Winning with the Slow (but Venomous!) Italian
An easy-to-learn chess opening that may look innocent, but is actually full of venom
One of the best and most popular ways to meet White’s first move 1.e4 remains the tried and tested 1…e5. After this move many games steer for the Ruy Lopez.
The Ruy is a perfectly fine choice for White, but one that requires you to study the countless different setups and follow the continuously evolving theory in that opening.
Karsten Müller and Georgios Souleidis present an alternative that is ideal for the average club player: a complete repertoire for White in the Italian Opening.
This modern version of the age-old ‘Giuoco Piano’, with the innocent looking pawn moves c2-c3 and d2-d3, is not only popular at club level, but is also regularly adopted by an increasing number of strong Grandmasters, including the very best, such as Magnus Carlsen and Anish Giri.
The set-up is easy to learn and understand, and theoretical novelties are much less important than the sound principles it is based on, such as the pawn push d3-d4 or bringing the b1 knight over to the kingside and into the attack.
The Slow Italian may look innocent, but is actually full of venom, because White has a lot of options to create aggressive play by making natural looking moves with his pieces.
Müller and Souleidis have created a solid weapon that every amateur chess player will delight in playing. They have included exercises to test your understanding.
Karsten Müller (1970) is a mathematician and a chess grandmaster from Hamburg. He is a prolific writer whose books include the bestselling 'Bobby Fischer: Career and Complete Games' and 'The Modern Scandinavian'. Georgios Souleidis (1972) is an International Master from Germany who works as a chess trainer and journalist. He has played the Slow Italian with good results himself.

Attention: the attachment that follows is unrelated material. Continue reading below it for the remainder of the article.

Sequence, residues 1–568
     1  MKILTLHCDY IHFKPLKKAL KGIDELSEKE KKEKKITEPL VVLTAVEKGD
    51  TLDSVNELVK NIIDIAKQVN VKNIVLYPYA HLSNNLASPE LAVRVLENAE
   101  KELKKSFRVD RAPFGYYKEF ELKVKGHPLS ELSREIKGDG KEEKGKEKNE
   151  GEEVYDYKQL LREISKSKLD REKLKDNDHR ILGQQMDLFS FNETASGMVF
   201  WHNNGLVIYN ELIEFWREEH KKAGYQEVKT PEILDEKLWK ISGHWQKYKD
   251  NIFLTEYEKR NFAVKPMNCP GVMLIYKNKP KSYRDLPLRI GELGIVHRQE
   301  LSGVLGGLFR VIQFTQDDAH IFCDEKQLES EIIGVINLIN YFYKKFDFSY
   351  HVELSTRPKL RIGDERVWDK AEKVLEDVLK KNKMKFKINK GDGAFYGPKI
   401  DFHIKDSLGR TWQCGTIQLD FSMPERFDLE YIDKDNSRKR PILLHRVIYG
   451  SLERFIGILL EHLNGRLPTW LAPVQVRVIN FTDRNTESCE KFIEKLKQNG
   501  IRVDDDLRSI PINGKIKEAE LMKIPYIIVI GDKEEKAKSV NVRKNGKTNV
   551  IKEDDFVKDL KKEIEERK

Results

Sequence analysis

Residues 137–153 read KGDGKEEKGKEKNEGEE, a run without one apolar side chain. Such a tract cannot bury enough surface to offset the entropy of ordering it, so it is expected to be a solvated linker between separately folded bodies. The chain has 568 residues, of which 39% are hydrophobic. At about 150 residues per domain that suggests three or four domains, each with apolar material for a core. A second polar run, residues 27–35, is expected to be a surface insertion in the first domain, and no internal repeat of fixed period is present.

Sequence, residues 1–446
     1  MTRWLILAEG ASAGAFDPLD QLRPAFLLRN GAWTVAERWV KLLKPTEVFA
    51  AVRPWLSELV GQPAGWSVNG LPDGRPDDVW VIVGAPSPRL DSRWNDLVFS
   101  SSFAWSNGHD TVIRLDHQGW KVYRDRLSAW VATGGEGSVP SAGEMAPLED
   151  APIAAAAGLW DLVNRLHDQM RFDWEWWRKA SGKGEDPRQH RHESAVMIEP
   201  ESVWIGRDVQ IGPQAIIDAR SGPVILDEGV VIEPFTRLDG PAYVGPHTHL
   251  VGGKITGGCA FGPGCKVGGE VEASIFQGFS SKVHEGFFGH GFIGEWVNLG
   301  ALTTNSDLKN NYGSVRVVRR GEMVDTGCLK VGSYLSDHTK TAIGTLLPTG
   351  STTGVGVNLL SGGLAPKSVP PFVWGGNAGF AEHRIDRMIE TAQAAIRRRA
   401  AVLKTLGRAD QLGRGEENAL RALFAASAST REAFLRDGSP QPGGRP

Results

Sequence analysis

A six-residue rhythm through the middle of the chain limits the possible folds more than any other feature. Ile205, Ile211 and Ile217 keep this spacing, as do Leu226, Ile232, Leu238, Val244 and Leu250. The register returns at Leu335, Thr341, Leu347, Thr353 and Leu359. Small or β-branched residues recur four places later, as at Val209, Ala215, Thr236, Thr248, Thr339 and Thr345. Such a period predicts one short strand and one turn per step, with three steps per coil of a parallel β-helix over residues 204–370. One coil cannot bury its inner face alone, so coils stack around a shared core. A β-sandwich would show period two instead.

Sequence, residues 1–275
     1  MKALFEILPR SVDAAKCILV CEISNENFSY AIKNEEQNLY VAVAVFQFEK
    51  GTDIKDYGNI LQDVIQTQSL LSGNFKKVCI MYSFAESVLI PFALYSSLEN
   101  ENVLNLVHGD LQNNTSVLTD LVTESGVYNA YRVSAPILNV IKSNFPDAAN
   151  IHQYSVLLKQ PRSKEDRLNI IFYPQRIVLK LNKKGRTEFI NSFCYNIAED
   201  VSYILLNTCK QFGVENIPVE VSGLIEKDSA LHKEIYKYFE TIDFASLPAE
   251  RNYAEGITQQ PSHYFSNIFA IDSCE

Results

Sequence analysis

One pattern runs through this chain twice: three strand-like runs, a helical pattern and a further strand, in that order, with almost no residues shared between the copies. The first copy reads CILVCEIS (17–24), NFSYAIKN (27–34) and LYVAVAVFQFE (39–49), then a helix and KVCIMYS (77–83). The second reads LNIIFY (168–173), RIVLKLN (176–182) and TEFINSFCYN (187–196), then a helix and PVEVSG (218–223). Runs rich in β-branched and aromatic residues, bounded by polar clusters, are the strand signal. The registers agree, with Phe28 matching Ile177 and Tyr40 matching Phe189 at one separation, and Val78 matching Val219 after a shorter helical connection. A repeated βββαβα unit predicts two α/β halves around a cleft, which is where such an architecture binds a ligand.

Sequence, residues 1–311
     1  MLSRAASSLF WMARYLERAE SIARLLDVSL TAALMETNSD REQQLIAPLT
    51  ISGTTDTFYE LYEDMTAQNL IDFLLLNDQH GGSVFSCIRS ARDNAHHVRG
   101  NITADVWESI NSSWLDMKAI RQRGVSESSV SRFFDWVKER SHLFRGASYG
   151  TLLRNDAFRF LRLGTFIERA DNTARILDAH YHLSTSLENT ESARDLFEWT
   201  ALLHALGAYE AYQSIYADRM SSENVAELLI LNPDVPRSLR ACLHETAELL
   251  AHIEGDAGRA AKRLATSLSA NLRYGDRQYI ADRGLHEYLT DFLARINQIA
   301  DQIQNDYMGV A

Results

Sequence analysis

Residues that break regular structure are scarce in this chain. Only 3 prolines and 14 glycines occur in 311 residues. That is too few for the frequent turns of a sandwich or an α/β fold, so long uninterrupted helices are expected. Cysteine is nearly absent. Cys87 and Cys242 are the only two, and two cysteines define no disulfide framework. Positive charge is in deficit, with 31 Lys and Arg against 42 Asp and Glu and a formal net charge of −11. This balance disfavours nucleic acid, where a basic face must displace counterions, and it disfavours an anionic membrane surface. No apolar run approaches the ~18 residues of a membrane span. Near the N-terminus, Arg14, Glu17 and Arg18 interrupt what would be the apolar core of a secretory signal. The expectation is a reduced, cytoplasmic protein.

From the foreword by Anish Giri:
"One easy, yet prideful way out of the opening carousel, or madhouse if you wish, is the Italian Game (..) The basic principles, the plans and the concepts as well as the model games offered in this book will help many ambitious chess lovers come closer to understanding the subtleties of this quiet yet fascinating opening."
International Master Dirk Schuh:
"This book contains some highly powerful ideas. There are not only very well selected exercises with typical tactics, but also strategic tests that illustrate and train typical motifs. Then there is a long chapter on quintessential strategies that not just reinforces the theory but also presents additional new ideas (..) Excellent in my opinion is the chapter on how to deal with the various recommendations for Black in recent repertoire books by other authors."
Glenn Flear, author of 'Starting Out: the Open Games':
"The authors seek a solid foundation before pushing for any greater activity. This will suit many a reader, of any strength, as it's all very natural (..) The authors have clearly spent plenty of time working out a way to get their message across (..) Chapter 10, dealing with 'Back repertoires' was a particularly cunning inclusion."
Christian Hoethe, ChessBase News:
"A brilliant book, everyone who plays the Italian with White or Black should have it."